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|Year : 2022 | Volume
| Issue : 4 | Page : 1760-1761
An Imaging Clue for Diagnosis of Spinal Cord Infarct
Ashok Vardhan Reddy Tallapalli1, Saraswati Nashi2, Mayank Shrivastava1, Srijithesh Rajendran3, Girish Baburao Kulkarni4, Suvarna Alladi4
1 SR Neurology, NIMHANS, Bengaluru, Karnataka, India
2 Assistant Professor, NIMHANS, Bengaluru, Karnataka, India
3 Additional Professor, NIMHANS, Bengaluru, Karnataka, India
4 Professor of Neurology, NIMHANS, Bengaluru, Karnataka, India
|Date of Submission||13-Nov-2019|
|Date of Decision||12-Feb-2020|
|Date of Acceptance||30-Mar-2021|
|Date of Web Publication||30-Aug-2022|
Assistant Professor, NIMHANS, Faculty Block Ist Floor, 08026995142, Bangalore - 29, Karnataka
Source of Support: None, Conflict of Interest: None
|How to cite this article:|
Reddy Tallapalli AV, Nashi S, Shrivastava M, Rajendran S, Kulkarni GB, Alladi S. An Imaging Clue for Diagnosis of Spinal Cord Infarct. Neurol India 2022;70:1760-1
A 12-year-old girl presented with neck pain and sudden onset proximal weakness in both upper limbs, reduced pain over the right C5 area, absent biceps and supinator jerks, brisk triceps reflexes, intact posterior column sensations. MRI [Figure 1] showed pencil-thin hyperintensity in sagittal T2 and owl's eye appearance in axial DWI and T2. Immunological and hematological investigation for demyelination, infections, prothrombotic states were non-contributory. CT angiography and craniovertebral junction were normal. The patient improved within one week of admission and is going to school now. She is under regular follow-up. Imaging done after five months of illness shows a significant reduction of signal changes Improved [Figure 2].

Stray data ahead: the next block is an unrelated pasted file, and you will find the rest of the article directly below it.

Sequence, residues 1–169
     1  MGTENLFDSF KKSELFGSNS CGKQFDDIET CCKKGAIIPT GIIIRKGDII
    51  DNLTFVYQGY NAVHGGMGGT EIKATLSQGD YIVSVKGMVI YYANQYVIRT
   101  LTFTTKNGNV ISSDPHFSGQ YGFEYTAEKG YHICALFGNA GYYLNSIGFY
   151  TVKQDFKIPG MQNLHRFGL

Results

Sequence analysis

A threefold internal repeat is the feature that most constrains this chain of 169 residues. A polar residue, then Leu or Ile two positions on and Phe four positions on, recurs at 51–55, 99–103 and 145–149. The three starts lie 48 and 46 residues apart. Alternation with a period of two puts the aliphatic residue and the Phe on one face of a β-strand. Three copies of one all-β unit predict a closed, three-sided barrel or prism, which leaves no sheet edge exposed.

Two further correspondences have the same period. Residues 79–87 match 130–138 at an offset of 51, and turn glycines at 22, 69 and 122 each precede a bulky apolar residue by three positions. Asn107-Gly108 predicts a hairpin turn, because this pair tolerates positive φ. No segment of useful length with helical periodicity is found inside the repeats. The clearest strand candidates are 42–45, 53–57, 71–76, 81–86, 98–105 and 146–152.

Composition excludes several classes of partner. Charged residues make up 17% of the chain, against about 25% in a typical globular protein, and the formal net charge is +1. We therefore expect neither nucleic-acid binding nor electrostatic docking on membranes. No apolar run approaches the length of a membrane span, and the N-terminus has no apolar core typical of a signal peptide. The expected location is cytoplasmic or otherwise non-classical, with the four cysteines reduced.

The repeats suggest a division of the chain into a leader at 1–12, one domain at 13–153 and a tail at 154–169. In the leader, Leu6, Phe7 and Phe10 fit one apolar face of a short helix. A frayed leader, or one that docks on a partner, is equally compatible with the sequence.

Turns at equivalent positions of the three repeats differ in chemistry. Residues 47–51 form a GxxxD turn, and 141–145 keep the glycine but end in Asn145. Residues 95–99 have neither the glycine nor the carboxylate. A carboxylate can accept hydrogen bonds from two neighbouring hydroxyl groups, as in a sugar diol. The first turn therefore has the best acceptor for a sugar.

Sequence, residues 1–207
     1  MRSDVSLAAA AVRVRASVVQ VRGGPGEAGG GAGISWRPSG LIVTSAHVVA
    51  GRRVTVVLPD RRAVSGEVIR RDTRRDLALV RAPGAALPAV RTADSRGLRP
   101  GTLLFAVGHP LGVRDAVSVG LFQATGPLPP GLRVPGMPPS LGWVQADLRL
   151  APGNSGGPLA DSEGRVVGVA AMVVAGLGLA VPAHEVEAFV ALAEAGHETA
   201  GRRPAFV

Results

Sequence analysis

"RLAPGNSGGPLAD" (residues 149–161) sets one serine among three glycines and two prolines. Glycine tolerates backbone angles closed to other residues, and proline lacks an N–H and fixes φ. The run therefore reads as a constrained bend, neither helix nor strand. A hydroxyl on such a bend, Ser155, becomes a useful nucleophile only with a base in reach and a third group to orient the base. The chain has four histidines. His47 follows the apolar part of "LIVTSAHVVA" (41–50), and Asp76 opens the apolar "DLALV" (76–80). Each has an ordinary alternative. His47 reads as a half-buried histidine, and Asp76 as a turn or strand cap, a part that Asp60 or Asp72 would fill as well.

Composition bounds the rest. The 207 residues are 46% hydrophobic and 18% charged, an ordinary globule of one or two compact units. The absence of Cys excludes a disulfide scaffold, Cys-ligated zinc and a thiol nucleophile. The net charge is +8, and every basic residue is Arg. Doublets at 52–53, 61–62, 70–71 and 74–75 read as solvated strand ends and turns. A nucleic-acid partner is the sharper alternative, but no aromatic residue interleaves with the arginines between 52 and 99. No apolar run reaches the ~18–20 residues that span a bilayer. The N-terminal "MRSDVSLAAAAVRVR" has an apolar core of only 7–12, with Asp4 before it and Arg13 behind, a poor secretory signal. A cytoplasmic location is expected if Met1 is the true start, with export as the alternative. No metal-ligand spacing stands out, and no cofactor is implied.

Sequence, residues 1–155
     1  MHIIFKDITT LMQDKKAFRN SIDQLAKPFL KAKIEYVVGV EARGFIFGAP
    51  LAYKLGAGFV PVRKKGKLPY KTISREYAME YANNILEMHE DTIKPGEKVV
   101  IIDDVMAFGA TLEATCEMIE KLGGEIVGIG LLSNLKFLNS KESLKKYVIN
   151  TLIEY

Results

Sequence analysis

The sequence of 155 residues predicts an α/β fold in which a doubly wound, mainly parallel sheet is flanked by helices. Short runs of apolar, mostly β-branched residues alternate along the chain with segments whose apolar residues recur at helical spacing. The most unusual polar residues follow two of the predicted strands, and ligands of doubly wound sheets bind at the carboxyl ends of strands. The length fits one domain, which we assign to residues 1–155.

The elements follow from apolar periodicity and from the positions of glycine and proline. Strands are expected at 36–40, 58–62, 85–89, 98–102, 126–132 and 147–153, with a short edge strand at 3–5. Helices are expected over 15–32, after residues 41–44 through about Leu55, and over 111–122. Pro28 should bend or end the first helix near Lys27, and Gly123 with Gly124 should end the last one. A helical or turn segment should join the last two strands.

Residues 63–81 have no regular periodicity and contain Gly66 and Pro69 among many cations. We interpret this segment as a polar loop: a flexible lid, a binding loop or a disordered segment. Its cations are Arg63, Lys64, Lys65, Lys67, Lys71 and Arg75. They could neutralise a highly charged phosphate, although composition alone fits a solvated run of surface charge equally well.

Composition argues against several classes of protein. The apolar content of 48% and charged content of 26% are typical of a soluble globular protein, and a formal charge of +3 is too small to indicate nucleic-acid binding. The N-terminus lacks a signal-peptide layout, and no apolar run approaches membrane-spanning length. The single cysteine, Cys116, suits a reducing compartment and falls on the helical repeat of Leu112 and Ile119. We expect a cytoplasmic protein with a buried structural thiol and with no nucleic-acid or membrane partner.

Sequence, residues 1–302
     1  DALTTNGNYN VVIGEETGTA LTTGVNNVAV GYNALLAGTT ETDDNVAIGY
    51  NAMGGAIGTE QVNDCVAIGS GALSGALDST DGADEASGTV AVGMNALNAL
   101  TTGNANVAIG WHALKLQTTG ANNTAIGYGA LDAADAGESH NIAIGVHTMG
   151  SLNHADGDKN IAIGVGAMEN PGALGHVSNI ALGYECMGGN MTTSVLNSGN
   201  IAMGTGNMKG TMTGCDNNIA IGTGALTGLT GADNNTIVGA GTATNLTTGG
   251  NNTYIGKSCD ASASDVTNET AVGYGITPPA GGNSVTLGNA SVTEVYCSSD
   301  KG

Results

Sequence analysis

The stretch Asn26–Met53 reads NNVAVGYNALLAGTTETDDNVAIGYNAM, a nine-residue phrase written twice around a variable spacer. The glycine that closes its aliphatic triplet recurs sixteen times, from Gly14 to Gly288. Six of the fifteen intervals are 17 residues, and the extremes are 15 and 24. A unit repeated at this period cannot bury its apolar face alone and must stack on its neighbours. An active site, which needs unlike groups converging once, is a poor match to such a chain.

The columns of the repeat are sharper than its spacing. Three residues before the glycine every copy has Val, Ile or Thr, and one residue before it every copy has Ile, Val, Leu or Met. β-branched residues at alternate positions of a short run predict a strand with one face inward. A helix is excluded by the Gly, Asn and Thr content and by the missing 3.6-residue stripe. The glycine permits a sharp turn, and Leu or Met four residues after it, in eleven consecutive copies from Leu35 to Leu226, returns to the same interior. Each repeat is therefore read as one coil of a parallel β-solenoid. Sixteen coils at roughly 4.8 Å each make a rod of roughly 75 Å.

|Figure 1: Sagittal T2 shows pencil-thin hyperintensity from C2 to C5 in panel a, axial T2 and diffusion-weighted images show hyperintensities in anterior horns with Owl's eye appearance (b and c, respectively)|
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|Figure 2: Follow up MRI after 5 months shows significantly reduced T2 hyperintensities in sagittal (a) and axial view (b), without diffusion restriction (c)|
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Owl's eye appearance in the spinal axial T2 MRI suggests anterior grey involvement. In an acute setting, it suggests anterior spinal artery infarct, provided viral infections are ruled out. Viral infections are ruled out.,
The following table includes a list of cases of spinal cord infarct with owl's eye appearance.,,
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There are no conflicts of interest.
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Harada K, Chiko Y, Toyokawa T. Anterior spinal cord syndrome- “owl's eye sign”. J Gen Fam Med 2018;19:63-4.
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[Figure 1], [Figure 2]